For example, the 8250/16550 chip used to handle serial communication is still simulated by modern chipsets and is enumerated by ACPI as PNP0500/PNP0501. You can find datasheets for these chips.
However, any information on how the chip is wired to other devices on the motherboard (e.g. to the PIC) seems to be only present on various hobbyist websites, I can't find anything official.
Where do I find such documentation?
Edit: I want to clarify my question. I understand that discrete chips aren't used for simple functions anymore. However, for compatibility, the hardware must still look the same from the software perspective. If I stay with the 8250 example, the chip has modem signal outputs, like DTR and RTS, but it also has two general-purpose outputs, OUT1 and OUT2. On ATs, OUT2 controlled a gate that enabled/disabled the connection between the INTR output of 8250 and the IRQ4 input of the PIC. As such, OUT2 served as master enable for the UART interrupts.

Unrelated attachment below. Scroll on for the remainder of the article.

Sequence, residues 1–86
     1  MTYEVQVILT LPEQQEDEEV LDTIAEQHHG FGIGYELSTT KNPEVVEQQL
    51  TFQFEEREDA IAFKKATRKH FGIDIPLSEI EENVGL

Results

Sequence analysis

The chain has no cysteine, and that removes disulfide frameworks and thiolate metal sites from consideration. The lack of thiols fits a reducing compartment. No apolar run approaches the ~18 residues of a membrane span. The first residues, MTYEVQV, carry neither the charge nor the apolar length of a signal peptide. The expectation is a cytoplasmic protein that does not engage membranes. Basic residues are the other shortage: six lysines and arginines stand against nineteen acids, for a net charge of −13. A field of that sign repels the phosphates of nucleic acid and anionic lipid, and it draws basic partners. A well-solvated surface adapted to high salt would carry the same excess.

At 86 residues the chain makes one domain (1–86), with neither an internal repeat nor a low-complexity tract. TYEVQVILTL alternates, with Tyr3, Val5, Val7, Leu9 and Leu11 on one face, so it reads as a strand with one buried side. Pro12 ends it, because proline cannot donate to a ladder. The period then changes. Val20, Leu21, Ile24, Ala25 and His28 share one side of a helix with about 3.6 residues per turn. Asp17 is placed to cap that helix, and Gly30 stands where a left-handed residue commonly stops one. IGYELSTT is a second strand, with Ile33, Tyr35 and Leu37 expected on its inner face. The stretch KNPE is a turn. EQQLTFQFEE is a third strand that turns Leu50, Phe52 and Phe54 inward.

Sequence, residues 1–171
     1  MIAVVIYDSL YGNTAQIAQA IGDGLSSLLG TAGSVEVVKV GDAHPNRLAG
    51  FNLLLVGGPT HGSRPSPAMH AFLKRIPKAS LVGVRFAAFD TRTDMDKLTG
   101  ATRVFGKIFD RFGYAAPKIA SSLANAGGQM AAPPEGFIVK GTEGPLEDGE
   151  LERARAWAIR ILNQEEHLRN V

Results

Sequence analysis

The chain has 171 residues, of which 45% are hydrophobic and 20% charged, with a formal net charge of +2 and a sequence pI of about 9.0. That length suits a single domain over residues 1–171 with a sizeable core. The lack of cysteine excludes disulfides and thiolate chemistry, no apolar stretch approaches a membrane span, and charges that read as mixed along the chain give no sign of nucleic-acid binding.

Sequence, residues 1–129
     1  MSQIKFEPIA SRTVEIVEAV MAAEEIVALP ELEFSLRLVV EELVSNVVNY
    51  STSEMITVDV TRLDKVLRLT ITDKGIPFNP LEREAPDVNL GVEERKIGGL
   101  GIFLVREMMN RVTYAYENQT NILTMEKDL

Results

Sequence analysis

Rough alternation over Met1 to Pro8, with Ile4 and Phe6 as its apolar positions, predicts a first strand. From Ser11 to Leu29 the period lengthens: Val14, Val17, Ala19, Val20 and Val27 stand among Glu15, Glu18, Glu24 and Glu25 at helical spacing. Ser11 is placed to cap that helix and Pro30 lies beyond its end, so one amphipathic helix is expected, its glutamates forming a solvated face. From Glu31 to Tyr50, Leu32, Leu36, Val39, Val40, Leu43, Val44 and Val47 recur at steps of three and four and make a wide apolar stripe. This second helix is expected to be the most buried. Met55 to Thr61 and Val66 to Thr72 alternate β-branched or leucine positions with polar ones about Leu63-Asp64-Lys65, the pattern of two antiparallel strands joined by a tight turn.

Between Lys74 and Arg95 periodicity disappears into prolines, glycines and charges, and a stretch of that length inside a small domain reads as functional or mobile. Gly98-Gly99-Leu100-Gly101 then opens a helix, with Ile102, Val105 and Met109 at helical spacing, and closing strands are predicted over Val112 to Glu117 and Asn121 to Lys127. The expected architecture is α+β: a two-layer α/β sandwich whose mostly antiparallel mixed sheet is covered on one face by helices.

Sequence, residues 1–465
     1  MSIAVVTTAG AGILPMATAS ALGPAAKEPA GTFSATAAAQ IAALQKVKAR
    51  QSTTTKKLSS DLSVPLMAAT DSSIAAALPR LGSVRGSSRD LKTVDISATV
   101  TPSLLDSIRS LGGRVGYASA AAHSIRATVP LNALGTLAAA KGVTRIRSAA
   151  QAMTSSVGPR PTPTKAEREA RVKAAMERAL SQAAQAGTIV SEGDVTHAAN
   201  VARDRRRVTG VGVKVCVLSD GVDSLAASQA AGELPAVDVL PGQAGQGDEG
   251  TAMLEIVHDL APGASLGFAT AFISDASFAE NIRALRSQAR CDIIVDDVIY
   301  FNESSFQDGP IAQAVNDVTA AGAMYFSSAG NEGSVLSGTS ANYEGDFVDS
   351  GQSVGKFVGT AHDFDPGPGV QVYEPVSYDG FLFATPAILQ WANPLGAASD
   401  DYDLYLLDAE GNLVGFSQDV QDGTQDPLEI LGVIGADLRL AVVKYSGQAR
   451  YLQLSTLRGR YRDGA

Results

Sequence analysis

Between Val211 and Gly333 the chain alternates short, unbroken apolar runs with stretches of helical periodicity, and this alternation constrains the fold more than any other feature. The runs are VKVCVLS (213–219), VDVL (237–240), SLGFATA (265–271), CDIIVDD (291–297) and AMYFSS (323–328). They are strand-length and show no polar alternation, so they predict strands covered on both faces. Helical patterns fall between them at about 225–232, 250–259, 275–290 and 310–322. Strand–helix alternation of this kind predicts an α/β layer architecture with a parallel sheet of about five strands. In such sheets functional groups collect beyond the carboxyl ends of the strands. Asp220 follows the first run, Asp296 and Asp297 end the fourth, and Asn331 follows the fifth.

This is what I meant by wiring. Although there is no external wiring for modern chipsets, if the chipset emulates the old UART and enumerates it as PNP0500, the software must still set the (nowadays virtual) OUT2 output to enable interrupts.
Now I'd like to know where the authoritative documentation for this behavior is. Surely, an OS writer doesn't have to read the specs of all (even future) chipsets to get the driver for PNP0500 right, does he?